integrations-extras repository. This signals to Datadog that you’re ready to start reviewing code together. Don’t worry if you have questions about tests, Datadog internals, or other topics—the Datadog Ecosystems team is ready to help, and the pull request is a good place to go over those concerns. Be sure to take advantage of the Community Office Hours as well.
Once the integration has been validated for functionality, framework compliance, and general code quality, it is merged into
integrations-extras where it becomes part of the Datadog ecosystem.
When deciding how to send unsupported data to Datadog, the main considerations are effort (time to develop) and budget (cost of custom metrics). If you are trying to see data that Datadog doesn’t support, start by deciding which method makes the most sense to start sending data:
Why create an integration?
Custom Checks are great for occasional reporting, or in cases where the data source is either unique or very limited. For more general use cases - such as application frameworks, open source projects, or commonly-used software - it makes sense to write an integration.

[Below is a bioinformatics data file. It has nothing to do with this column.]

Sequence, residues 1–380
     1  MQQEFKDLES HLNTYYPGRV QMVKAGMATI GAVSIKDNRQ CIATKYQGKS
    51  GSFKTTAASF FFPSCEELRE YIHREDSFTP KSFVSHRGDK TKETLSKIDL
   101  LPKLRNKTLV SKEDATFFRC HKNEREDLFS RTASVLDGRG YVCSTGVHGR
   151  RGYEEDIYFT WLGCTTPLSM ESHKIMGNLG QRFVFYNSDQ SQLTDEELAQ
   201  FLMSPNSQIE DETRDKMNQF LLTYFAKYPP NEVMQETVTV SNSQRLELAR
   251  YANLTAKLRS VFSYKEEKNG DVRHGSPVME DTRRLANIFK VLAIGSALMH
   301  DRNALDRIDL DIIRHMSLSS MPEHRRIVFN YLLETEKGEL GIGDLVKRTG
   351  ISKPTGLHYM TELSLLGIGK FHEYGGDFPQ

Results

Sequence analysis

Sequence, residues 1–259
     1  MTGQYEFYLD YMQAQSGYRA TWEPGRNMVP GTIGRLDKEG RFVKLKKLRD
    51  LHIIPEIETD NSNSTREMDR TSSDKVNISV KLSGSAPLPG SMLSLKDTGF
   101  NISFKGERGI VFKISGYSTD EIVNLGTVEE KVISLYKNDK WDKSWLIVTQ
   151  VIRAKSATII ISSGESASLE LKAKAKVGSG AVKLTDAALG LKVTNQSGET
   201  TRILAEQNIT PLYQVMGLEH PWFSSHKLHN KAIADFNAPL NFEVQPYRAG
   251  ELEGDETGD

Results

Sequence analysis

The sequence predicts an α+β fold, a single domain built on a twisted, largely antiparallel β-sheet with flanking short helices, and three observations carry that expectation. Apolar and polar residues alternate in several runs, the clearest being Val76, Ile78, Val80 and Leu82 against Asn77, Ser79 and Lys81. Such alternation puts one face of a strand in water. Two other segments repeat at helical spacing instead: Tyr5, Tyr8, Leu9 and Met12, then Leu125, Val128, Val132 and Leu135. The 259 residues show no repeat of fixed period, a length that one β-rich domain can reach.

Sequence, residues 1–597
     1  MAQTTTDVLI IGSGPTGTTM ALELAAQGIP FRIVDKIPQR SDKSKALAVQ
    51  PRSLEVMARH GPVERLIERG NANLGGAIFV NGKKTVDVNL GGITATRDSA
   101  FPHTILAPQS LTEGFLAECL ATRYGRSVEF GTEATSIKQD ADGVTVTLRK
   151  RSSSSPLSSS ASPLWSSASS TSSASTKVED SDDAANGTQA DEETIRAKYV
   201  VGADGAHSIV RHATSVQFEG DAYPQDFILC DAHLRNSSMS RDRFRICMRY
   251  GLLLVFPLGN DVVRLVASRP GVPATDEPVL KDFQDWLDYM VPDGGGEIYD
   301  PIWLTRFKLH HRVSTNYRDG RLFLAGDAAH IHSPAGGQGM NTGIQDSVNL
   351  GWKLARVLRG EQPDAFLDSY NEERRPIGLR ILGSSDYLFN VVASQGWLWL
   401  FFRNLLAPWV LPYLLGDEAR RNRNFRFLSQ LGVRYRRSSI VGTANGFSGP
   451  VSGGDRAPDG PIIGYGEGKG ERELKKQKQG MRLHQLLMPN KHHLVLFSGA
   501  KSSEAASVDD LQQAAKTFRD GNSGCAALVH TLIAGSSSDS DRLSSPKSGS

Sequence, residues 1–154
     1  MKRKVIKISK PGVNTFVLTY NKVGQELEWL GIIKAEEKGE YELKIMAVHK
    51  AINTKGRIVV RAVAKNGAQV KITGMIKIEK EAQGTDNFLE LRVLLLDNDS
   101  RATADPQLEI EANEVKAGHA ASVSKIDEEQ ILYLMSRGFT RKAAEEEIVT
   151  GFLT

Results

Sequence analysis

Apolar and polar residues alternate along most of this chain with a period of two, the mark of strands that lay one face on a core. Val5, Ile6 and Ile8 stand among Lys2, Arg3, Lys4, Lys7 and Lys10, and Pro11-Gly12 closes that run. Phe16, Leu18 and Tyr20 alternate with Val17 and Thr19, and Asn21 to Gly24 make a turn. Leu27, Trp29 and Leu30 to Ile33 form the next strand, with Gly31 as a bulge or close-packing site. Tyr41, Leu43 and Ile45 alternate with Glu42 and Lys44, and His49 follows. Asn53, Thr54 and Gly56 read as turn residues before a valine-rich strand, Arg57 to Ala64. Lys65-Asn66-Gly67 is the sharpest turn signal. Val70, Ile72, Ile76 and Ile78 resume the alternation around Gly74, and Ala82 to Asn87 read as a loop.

Metrics reported from accepted integrations are not counted as custom metrics, and therefore don’t impact your custom metric allocation. (Integrations that emit potentially unlimited metrics may still be considered custom.) Ensuring native support for Datadog reduces friction to adoption, and incentivizes people to use your product, service, or project. Also, being featured within the Datadog ecosystem is a great avenue for added visibility.
What’s the difference between a custom check and a service check?
A custom check, also know as a custom Agent check, lets you send internal service data to Datadog. A service check is much simpler and lets you monitor the up or down status of the specific service. Even though these are both checks, they have different functionality and can be used separately and together based on your monitoring needs. For more information about each, see the custom check, and service check documentation sections.
Sending metrics by integration types
Learn how to send your own metrics to Datadog:
Sending data by data types
Learn about the types of data you can submit to Datadog and how to submit them:
Learn how to get involved with the Datadog developer community:
Additional helpful documentation, links, and articles: